LSAT-India 2020 toppers talk: “I solved over 30 mocks” Says Pragna Yenduri
The LSAT-India 2020 scores are out. And, the toppers, coming out with flying colours are with us to share their experience, to guide future law aspirants in their journey to LSAT-India. Pragna Yenduri, from Mumbai, with a score of 475 out of 480 and 97.17 percentile (Better than 97.17% students) is among the list of toppers. She finds herself in a score band of 473—477, which is a remarkable feat. The COVID-19 and a prolonged lockdown was indeed a testing time, but she says, “The willpower to score well in the exam was stronger than any anxiety or insecurities.” Read the complete interview of Pragna Yenduri with Careers360.
LSAT India score card details - Pragna Yenduri
Question - Give us a brief introduction: your name, address, college, etc.
Answer - Hi, my name is Pragna Yenduri. I recently shifted from Los Angeles to Mumbai. I completed my schooling in America.
Question - Congratulations on scoring 97.17 percentile in LSAT India 2020 exam. How does it feel to be among the bunch of toppers?
Pragna Yenduri - I feel elated. It is quite ironic that 2020 turned out to be a fruitful year for me. It feels surreal because I’ve always dreamt of scoring a high percentile.
Question - What are your college and course preferences after scoring such a high percentile?
Pragna Yenduri - I will be attending Jindal Global Law School and pursuing their BBA LLB course. I feel ecstatic for being able to join my dream college.
Question - Have you decided the legal specialization you want to pursue in future? If yes, then tell us why you want to pursue a particular specialization.
Pragna Yenduri - I’m not quite certain about what legal specialization I want to pursue in the future. I’m currently inclined towards pursuing my Juris Doctor degree in America, and practicing as a civil trial lawyer.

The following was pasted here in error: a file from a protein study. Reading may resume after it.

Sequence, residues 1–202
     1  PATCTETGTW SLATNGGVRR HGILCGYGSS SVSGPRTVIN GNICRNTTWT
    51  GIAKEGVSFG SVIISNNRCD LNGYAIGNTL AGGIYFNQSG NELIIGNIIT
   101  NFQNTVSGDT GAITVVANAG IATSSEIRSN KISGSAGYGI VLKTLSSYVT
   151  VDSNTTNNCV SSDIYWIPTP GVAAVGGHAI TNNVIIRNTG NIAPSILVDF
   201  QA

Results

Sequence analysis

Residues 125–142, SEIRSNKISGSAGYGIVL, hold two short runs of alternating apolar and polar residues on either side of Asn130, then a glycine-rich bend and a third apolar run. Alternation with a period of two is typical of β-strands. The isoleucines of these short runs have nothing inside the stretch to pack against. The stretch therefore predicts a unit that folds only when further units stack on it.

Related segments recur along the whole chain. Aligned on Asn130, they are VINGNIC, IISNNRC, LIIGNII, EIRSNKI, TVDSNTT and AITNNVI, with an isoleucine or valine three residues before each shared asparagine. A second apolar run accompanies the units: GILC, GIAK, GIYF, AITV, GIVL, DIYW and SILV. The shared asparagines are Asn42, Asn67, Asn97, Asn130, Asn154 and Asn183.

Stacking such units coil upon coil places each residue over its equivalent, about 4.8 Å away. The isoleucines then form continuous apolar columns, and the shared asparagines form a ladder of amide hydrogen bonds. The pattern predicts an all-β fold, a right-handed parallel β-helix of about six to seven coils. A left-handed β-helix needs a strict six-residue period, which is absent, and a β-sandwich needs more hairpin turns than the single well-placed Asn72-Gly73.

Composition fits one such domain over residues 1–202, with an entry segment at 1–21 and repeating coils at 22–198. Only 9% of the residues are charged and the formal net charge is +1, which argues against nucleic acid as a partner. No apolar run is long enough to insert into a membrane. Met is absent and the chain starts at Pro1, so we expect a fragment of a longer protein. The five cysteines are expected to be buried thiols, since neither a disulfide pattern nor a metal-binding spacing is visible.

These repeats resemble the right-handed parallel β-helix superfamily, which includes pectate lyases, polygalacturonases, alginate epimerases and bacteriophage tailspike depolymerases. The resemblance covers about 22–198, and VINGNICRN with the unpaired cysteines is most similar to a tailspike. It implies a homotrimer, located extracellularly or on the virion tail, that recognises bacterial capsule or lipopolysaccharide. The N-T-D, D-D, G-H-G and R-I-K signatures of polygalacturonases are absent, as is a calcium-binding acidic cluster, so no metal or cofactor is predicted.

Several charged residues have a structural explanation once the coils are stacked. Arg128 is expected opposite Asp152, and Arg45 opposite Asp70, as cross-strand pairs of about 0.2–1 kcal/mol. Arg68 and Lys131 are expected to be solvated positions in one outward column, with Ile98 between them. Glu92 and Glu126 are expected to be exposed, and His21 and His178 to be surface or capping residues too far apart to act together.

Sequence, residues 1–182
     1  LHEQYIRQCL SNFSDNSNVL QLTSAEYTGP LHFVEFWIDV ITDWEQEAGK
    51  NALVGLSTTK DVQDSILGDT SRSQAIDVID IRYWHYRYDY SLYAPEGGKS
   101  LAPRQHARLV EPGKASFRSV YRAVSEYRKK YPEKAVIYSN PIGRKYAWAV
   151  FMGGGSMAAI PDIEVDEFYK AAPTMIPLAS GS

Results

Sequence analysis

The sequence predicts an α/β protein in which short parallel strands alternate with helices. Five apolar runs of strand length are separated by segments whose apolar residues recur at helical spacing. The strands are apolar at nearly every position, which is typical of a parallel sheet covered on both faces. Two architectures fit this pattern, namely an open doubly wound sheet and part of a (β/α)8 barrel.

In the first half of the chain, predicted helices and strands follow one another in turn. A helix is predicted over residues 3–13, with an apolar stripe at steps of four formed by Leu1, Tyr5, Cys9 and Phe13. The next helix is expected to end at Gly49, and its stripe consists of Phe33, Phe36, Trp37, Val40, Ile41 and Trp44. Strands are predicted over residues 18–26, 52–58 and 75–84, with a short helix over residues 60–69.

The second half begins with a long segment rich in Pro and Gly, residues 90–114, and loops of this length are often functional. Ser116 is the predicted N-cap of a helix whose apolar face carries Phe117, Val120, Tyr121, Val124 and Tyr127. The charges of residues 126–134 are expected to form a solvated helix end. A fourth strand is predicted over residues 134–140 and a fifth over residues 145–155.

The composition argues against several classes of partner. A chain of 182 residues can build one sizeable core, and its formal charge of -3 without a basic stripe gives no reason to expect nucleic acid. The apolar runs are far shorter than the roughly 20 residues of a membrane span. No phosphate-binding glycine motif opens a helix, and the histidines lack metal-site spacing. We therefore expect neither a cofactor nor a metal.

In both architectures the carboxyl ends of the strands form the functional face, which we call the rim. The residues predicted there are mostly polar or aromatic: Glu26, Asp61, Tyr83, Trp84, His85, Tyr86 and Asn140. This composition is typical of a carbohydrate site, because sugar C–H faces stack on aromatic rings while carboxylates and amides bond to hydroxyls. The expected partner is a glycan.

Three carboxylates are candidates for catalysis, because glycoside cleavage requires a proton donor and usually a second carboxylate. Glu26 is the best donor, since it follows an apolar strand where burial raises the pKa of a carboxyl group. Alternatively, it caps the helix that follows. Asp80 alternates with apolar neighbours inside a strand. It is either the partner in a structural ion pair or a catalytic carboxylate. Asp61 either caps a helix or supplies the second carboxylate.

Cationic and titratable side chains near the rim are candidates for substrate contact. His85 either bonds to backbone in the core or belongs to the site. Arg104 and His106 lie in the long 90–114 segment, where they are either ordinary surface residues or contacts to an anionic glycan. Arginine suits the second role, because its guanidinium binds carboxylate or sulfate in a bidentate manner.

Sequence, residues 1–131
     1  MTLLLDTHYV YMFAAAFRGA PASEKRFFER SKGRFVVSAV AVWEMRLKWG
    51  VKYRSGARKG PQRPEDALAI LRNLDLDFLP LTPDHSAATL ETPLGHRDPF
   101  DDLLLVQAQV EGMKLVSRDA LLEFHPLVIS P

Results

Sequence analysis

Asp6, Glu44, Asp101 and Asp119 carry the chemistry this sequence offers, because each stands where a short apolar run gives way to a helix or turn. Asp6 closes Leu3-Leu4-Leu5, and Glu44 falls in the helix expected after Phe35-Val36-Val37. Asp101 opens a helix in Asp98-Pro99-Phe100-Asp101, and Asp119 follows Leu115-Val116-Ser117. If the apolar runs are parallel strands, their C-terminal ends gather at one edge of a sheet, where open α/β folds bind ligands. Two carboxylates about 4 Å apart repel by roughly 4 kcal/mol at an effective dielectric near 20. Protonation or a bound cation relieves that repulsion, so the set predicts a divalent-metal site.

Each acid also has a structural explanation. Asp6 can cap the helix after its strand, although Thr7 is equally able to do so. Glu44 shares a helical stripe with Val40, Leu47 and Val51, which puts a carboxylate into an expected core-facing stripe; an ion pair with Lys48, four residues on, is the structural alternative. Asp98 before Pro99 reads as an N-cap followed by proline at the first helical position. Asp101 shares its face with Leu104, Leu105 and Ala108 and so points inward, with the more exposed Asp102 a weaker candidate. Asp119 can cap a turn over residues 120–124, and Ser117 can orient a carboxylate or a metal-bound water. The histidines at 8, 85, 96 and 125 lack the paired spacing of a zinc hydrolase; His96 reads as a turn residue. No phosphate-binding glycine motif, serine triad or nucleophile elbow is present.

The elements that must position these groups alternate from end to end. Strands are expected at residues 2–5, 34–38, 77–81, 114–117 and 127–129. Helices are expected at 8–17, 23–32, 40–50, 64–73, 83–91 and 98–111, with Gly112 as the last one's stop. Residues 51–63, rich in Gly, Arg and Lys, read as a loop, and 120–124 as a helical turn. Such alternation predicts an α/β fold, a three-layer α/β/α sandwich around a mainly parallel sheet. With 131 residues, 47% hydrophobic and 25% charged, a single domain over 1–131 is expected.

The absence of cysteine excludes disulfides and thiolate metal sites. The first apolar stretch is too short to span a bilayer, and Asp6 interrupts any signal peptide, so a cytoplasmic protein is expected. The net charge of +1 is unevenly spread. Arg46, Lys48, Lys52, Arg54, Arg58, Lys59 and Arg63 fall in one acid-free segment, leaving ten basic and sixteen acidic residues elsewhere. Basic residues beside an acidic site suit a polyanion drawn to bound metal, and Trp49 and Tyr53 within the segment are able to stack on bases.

Question - Tell us about your journey for LSAT-India. Why did you choose LSAT-India?
Pragna Yenduri - While doing my research about law schools and exams in India, I learned about Jindal global law school and lsat India. Jindal global law school is a highly reputed law college and gives global exposure to its students. Hence, I started my preparation for LSAT India so I could procure a seat at JGLS.
Question - Tell us about your preparation strategy for LSAT-India? How did you manage your preparation during the COVID-19 period?
Pragna Yenduri - I didn’t let COVID-19 affect my preparation or confidence. It was stressful at first to focus on the exam during this dire time, where u can’t even step out of the house to watch a movie or dine at a restaurant just to unwind and chill. However, my will power to score well in the exam was stronger than any anxiety or insecurities I had initially felt. Due to COVID-19, the exam was held in online mode for the 1st time and that too at home. I was anxious initially because the technical skill set required for both offline and online modes is so different. I was also tensed about internet connectivity, server issues as unlike the exam centre you have nobody to help you at home. Nevertheless, I adapted to the change as soon as I learned about this news. I tried to simulate the test atmosphere by solving mocks on my laptop 3 hours per day everyday for 1 month before the exam. This helped me focus better on the screen and avoid any distractions.